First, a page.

At the gates of Gaza, Egypt's perilous balancing act

Since the Gaza war broke out in October, Egypt has faced a difficult dilemma, seeking both to show solidarity with the Palestinians and to preserve its relations with neighboring Israel.

The Rafah crossing point between Egypt and Gaza is in theory the besieged territory's only opening to the world that is not under direct Israeli control.

In practice, Israel retains control over all goods passing through the crossing, including humanitarian aid intended for Gaza, which is suffering dire food shortages that the U.N. fears will spark "starvation".

Regularly, voices are raised to demand that Egypt open its border to the Palestinians, and Israel accuses it of doing too little.

"Lie," replies the spokesperson for the Egyptian state, Diaa Rachwan, who points to "deliberate obstruction" by the Israeli army.

Only around 14,000 trucks have been able to enter the Gaza Strip so far, according to the U.N., five times fewer than before the start of the Israel-Hamas war on October 7.

Dima Alsajdeya, researcher at the College de France, explained that "on the ground Egypt obeys the orders of the Israelis. It sometimes tries to negotiate but ends up respecting the conditions imposed by the Israelis", including painstaking inspections which lead to delays.

On at least five occasions, Israeli airstrikes or artillery fire hit the terminal, interrupting the flow of aid trucks.

- Ready for 'all scenarios' -

Egypt, which with Qatar and the United States, helped broker a week-long truce and hostage-for-prisoner exchange in late November, only speaks out clearly on one subject: humanitarian aid.

Since Israeli Prime Minister Benjamin Netanyahu gave orders on February 8 for the army to begin preparations for an offensive on Rafah, Egyptians have voiced fears of the catastrophic scenario they warned against from the start of the war: a forced displacement of Palestinians to Sinai.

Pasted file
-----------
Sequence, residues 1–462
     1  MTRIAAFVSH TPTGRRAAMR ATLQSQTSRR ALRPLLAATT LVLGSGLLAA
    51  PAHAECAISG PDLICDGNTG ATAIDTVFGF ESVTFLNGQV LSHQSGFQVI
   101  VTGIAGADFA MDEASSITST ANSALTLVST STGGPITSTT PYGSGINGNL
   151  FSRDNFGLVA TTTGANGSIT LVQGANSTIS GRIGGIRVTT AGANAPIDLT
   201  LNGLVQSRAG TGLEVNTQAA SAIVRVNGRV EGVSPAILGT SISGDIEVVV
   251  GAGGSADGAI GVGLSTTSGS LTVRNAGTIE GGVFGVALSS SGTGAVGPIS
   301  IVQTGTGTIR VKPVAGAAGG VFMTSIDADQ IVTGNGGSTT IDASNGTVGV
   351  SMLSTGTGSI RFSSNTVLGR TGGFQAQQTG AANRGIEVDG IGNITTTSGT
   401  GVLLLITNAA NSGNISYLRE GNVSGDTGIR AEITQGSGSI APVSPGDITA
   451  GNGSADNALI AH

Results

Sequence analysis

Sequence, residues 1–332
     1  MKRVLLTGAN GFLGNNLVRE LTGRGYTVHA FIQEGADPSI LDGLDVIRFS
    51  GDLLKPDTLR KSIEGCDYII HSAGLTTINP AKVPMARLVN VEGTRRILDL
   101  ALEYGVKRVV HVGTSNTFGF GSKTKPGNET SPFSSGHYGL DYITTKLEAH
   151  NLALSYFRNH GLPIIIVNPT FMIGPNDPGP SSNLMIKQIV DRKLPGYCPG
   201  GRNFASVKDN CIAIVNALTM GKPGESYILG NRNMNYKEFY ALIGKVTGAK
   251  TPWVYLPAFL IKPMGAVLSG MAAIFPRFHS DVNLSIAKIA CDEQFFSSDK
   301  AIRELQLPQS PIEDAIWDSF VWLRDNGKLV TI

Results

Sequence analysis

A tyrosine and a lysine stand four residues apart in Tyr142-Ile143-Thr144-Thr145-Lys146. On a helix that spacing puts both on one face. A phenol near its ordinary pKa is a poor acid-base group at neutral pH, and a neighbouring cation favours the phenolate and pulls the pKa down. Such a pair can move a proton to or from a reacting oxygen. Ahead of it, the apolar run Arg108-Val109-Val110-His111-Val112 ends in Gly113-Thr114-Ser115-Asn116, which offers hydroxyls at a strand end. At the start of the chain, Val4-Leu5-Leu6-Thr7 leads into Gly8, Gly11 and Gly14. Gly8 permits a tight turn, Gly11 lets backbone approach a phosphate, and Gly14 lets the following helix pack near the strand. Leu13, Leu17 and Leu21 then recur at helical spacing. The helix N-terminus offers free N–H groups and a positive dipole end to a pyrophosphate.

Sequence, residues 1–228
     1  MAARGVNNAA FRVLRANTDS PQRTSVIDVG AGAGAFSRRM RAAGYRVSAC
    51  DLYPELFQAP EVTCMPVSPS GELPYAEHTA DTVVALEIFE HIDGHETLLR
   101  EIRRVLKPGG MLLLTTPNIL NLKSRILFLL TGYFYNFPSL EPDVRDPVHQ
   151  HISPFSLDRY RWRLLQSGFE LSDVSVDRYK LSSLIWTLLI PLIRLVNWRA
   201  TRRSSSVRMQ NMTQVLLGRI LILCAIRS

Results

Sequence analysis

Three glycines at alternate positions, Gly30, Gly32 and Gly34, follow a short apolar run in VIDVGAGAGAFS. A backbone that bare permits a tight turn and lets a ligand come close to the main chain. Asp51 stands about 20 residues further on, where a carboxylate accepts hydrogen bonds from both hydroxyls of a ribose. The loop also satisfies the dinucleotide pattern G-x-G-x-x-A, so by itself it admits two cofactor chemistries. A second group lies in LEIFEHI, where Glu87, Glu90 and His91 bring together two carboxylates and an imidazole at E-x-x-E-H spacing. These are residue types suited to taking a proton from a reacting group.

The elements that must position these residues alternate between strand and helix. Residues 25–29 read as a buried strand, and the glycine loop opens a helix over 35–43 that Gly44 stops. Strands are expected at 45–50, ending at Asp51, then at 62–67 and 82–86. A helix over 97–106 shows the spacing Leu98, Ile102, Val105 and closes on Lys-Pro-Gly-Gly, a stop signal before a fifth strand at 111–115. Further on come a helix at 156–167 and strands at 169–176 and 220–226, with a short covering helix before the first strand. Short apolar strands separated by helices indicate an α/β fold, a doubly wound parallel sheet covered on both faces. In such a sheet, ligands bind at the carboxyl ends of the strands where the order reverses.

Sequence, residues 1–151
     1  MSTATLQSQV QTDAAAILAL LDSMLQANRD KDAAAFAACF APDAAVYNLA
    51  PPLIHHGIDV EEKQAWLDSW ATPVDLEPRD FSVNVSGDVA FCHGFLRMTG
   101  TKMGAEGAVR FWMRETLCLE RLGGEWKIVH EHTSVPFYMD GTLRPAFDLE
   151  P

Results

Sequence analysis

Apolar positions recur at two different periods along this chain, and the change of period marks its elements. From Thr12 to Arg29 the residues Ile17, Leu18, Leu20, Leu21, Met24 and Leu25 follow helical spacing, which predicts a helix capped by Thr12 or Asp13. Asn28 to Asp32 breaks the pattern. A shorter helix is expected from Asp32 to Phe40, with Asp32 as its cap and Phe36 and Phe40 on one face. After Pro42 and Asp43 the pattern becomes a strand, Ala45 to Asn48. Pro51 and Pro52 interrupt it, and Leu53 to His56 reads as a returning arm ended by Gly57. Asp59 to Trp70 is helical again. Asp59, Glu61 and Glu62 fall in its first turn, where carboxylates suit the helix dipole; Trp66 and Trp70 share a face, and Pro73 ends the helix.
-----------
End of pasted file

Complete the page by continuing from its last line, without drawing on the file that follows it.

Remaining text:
Egyptian officials say they are ready for "all scenarios" but refuse to comment on the possible consequences of an assault on Rafah, presented by Israel as the final blow against Hamas in response to the October 7 attack on Israel.

Nearly 1.5 million Palestinians crowded into the city fear the worst, but "if Palestinians are deported to the Sinai, Egypt fears they will disperse across its territory and wants to contain them in an area developed in advance," said Alsajdeya.

Satellite images seem to confirm this.

Officials and experts have reported a 13 square kilometer enclosure to shelter "more than 100,000 people", according to the Wall Street Journal.

Egyptian officials formally deny this, but two local business leaders confirmed to the NGO Sinai Foundation for Human Rights that they had won contracts to build a closed area "surrounded by seven-meter-high walls".

Israel officially denies any "intention to evacuate Palestinian civilians" into Egypt, even as several government ministers have openly called for the displacement of all Gazans.

Arab countries strongly oppose the idea of creating new Palestinian refugees because those who were driven out or fled during the 1948 war that accompanied Israel's creation, or during the 1967 war that saw Israel occupy the West Bank and Gaza, are still campaigning for their "right of return".

And Egypt, the only Arab country bordering Gaza, has an additional concern in mind: it fears Hamas, close to its enemy the Muslim Brotherhood, entering its territory.

- 'Cornerstone of stability' -

Israel and Egypt signed a peace treaty in 1979 and, "for reasons of military and security coordination, neither the Egyptians nor the Israelis want a suspension," said Alsajdeya.

Israeli Defense Minister Yoav Gallant recently stressed that "we respect and value our peace agreement with Egypt, a cornerstone of stability in the region and an important partner".

"This peace treaty has survived" all the upheavals of the Israeli-Palestinian conflict, added Alsajdeya, and since the start of the war between Israel and Hamas, Egypt has never summoned the Israeli ambassador to Cairo nor called into question diplomatic ties.

Even when Egypt accused Israel of seeking to "legitimize its attempt to occupy the Philadelphi Corridor," a road that runs along its border with Gaza, it contented itself with a written statement.

While thousands of tons of aid are piling up at Egypt's El-Arish airport, the international community is now counting on a maritime aid corridor between Cyprus and Gaza.

There too, "a security check corresponding to Israeli standards" will be put in place, making Gazans fear yet more lengthy delays.

Source: Agence France Presse

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